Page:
The DDA states that disabled people should not be treated less favourably than other people when accessing services. This duty extends to the provision of websites where a website falls within the definition of a service under the terms of the DDA.
This means you must ensure that there are no obvious barriers to disabled users on your website. Whilst there are no formal guidelines, the government has supplied guidance for government websites here:
Government guidance on accessibility on websites
How does this apply to your website and your website design?
Well obviously, a fully flash site isn’t going to cut it. Flash websites can’t be read by screen readers, which are often used by visually impaired and other disabled users.
It is best practice to use simple and easy to understand words on your website. Avoid the use of jargon wherever possible on your websites.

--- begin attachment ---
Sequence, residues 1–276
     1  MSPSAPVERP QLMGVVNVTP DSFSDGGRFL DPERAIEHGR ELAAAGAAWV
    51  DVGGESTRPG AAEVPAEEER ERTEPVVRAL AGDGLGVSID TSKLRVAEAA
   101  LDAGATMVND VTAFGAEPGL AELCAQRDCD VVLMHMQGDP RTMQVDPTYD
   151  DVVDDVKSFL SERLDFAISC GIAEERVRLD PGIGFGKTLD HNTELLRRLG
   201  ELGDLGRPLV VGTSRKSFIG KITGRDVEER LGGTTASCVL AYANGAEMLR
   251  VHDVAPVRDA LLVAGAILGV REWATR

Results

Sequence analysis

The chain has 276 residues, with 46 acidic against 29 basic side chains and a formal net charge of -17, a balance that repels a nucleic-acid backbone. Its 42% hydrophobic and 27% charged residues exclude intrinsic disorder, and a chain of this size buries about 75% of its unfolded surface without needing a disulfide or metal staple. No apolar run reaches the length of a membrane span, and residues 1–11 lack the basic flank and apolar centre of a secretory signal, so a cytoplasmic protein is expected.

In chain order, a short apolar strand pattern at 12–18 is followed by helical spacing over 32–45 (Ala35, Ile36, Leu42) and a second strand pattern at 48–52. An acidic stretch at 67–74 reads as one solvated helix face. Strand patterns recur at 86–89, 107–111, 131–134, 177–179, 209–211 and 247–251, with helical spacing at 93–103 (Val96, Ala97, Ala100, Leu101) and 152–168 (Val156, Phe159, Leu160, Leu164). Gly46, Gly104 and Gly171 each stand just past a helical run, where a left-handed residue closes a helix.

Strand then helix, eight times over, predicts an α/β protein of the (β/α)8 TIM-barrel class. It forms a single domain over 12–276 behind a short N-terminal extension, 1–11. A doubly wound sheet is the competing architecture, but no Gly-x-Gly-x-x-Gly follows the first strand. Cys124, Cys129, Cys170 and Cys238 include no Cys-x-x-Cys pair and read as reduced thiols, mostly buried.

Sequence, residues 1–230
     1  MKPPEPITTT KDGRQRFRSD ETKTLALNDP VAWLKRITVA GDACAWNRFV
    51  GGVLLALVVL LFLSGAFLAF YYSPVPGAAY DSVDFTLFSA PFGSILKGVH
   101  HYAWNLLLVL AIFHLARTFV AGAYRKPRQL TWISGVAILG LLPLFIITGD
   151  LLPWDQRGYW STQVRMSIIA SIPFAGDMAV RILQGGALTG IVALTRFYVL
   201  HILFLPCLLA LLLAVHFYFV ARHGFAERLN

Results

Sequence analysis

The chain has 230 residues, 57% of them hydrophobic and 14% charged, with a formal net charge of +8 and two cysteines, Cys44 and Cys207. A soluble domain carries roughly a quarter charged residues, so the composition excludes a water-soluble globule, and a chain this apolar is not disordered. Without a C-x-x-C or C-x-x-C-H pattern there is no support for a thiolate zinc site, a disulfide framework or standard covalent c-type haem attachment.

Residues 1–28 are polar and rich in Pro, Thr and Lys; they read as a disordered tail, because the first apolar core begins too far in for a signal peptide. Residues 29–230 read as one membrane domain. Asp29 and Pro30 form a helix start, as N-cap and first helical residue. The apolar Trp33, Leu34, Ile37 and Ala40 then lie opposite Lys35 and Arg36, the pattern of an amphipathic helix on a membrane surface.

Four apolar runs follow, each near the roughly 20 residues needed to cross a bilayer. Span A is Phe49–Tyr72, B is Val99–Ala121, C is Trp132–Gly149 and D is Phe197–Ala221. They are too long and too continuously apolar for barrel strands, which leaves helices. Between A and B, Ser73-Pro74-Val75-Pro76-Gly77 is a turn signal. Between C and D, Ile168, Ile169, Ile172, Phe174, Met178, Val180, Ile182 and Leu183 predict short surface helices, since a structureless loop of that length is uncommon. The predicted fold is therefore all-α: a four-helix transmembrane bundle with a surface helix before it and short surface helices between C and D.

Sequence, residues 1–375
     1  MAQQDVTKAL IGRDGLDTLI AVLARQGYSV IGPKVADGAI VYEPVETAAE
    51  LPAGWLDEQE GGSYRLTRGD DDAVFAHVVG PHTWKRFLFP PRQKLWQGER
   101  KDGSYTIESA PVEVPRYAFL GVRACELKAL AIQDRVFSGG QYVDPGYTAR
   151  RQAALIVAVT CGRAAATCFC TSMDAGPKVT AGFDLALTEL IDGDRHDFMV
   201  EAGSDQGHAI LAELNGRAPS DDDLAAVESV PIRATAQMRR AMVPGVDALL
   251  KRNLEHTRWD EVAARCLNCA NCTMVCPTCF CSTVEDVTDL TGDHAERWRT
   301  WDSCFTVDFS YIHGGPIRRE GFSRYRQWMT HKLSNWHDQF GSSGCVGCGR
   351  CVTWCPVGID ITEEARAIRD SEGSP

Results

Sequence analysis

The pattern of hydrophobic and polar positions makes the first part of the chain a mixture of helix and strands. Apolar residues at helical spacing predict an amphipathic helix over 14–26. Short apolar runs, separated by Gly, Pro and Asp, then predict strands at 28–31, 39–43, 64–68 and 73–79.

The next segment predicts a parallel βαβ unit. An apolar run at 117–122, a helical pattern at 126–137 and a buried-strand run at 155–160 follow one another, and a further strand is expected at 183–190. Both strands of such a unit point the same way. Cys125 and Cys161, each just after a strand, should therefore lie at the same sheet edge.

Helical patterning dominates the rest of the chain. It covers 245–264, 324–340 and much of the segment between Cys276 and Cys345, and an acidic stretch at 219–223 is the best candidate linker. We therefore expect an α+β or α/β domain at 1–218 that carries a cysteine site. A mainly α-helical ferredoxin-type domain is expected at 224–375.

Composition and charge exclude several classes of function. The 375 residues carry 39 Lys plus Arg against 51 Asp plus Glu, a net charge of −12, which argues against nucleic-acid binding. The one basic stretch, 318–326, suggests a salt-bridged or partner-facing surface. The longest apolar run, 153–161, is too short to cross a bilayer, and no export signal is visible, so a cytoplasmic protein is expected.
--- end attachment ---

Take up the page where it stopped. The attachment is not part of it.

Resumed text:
Any pictures on your site should have captions with descriptions of the pictures so the website makes sense when read with a screen reader.
Text should be in high contrast to the background. Black on white is best, but white on dark blue is also good. Avoid combinations including red and green in your website design as these will not always be visible to colour blind users.
Make sure your business website structure is very simple, and that users can easily navigate from one part of the site to the other. At the very least there should be a link on each page to the home page.